Army National Guard soldiers can once again get their bonuses when they reenlist, after a brief pause in the program.

The National Guard Bureau announced the restart of the Army National Guard Selected Reserve Incentives Program in a March 8 internal memo to guardsmen. The National Guard confirmed the authenticity of the memo to Task & Purpose after it was posted to social media. The change was effective immediately. 

A week ago the National Guard announced via memorandum that it was suspending reenlistment bonuses as of March 1. Anyone who signed a reenlistment contract on or after that date and would normally be paid the bonus in the the 2024 or 2025 fiscal years would not receive the money. A National Guard official told Task & Purpose shortly after the initial suspension that the problem was the reenlistment bonus had proven so popular that the National Guard had not properly budgeted for the amount of bonuses it would need to pay. The temporary pause, the official said, was so the National Guard could “assess fiscal resources that will determine when we can resume offering new bonuses.”

The National Guard expected to work out the issues relatively quickly, but the March 8 restart of the bonus program is well ahead of schedule. In the first memo, the National Guard Bureau said that it anticipated having the matter sorted in April. It turns out the issue was resolved much quicker.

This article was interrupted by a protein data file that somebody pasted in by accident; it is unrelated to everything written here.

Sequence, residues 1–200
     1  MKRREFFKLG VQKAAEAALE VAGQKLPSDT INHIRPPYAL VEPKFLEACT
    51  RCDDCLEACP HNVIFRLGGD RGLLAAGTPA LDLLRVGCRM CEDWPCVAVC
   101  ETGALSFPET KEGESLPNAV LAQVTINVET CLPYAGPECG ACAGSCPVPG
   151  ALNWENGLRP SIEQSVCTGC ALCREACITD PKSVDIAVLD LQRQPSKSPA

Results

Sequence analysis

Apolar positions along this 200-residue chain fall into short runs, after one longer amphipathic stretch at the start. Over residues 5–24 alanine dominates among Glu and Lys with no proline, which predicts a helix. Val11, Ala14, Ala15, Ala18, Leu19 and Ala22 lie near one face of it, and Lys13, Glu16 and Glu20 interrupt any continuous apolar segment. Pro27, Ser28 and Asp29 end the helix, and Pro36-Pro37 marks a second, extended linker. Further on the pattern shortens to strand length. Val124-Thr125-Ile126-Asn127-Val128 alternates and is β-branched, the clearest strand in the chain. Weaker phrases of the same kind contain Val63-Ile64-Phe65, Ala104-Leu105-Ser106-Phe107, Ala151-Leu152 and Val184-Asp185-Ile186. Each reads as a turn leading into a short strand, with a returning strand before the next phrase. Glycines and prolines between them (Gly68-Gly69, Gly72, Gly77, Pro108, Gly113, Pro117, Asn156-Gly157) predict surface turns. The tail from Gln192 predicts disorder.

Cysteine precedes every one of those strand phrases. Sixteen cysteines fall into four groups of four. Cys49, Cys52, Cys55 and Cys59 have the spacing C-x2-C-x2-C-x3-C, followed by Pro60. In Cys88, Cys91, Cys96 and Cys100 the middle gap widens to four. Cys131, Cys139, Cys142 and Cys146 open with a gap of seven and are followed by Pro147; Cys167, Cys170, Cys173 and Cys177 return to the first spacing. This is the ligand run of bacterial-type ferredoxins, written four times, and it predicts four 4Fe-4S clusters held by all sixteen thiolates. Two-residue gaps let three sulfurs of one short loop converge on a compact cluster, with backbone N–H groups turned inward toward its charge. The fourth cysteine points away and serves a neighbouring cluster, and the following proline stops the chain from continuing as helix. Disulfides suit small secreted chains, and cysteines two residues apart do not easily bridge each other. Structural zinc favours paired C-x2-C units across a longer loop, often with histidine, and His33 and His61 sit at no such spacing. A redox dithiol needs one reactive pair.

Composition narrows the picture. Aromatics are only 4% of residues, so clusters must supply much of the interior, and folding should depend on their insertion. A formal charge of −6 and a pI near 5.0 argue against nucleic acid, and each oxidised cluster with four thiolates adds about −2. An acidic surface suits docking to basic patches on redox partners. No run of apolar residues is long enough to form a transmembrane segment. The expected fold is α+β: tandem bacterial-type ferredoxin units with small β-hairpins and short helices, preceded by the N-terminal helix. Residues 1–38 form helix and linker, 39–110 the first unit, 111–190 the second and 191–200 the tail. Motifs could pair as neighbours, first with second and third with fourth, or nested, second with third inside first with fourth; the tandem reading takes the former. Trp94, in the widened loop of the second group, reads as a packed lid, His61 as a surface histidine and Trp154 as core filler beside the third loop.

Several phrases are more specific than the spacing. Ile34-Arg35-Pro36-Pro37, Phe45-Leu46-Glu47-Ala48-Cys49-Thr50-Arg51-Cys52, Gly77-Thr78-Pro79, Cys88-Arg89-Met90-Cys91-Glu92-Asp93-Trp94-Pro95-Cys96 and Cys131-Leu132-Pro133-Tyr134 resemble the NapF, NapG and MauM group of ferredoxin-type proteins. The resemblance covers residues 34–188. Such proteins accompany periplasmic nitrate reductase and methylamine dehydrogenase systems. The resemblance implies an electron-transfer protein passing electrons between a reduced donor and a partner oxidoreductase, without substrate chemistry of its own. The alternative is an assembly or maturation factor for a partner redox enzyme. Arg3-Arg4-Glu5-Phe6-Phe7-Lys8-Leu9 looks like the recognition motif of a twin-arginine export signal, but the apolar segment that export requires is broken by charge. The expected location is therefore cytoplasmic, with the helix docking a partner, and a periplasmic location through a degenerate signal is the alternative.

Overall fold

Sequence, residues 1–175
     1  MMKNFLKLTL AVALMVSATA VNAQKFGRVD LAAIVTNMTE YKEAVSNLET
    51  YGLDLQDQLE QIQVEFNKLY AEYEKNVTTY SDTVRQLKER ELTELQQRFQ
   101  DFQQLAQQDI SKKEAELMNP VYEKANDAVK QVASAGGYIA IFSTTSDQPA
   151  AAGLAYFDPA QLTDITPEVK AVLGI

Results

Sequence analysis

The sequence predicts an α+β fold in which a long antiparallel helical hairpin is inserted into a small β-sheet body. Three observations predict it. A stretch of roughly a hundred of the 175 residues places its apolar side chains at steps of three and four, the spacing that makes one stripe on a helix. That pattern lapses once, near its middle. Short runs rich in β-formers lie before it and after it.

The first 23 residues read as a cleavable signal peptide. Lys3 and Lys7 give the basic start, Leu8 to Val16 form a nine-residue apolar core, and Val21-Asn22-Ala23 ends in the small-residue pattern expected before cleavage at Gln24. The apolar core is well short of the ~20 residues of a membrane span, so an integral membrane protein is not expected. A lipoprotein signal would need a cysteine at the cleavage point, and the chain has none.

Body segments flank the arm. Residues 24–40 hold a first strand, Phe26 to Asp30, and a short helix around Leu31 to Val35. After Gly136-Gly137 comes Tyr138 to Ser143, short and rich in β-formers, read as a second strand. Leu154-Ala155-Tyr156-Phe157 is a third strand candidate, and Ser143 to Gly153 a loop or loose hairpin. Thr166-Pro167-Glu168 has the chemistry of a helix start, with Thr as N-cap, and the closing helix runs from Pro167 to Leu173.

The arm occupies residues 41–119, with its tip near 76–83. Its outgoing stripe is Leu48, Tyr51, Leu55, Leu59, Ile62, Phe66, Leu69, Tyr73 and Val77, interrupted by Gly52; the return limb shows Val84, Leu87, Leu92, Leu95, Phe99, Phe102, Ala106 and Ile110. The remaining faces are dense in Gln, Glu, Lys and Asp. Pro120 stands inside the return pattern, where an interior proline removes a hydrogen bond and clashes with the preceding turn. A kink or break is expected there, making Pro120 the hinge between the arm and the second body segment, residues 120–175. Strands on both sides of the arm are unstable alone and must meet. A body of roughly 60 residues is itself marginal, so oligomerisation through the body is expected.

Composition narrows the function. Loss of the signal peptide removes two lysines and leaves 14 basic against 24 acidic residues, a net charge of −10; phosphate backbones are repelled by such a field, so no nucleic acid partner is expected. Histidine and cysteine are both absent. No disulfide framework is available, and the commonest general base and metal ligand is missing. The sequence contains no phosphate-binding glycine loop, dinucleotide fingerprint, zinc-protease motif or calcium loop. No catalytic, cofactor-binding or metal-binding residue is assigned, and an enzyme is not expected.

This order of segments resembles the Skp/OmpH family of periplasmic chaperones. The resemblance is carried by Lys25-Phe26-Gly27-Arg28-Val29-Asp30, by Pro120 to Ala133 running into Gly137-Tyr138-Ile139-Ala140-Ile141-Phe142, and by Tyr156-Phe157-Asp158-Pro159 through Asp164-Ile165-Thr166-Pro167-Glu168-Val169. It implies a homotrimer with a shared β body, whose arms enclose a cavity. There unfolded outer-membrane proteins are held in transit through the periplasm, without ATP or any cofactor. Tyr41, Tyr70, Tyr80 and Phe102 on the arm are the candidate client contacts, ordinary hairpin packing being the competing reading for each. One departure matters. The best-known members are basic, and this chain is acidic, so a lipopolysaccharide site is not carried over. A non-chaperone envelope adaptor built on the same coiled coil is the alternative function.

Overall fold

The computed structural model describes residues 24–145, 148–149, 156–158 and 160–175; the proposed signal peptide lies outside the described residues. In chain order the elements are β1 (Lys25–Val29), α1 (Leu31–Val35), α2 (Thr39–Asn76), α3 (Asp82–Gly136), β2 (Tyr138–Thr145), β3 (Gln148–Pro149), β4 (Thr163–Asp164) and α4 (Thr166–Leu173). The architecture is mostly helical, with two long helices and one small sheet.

“A funding solution has been identified that has permitted the suspension to be lifted early and the retention bonus was reinstated effective March 8,” the National Guard said in a statement on the restart of the bonuses. 

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The exact solution was not specified. Guardsmen who reenlist for two-four years and meet necessary criteria for the bonus can get as much as $20,000 with a new contract. Although the guard anticipated a quick solution, and one has been found sooner than expected, any guardsman who reenlisted during the suspension period will not be eligible for a retroactive bonus, according to an official. 

“Our first obligation to the Army and to Congress is for us to meet our end strength mission,” said Army Lt. Gen. Jon A. Jensen, director of the Army National Guard, said in a statement. “Our soldiers represent all that is truly great about our Army and our nation.”

Like other parts of the armed forces, the National Guard has been struggling with recruiting new members. And as with other parts of the military it offers a series of financial incentives, both to bring in new recruits and retain current guardsmen. In 2023 the National Guard fell short of its recruiting goals by near 5%.

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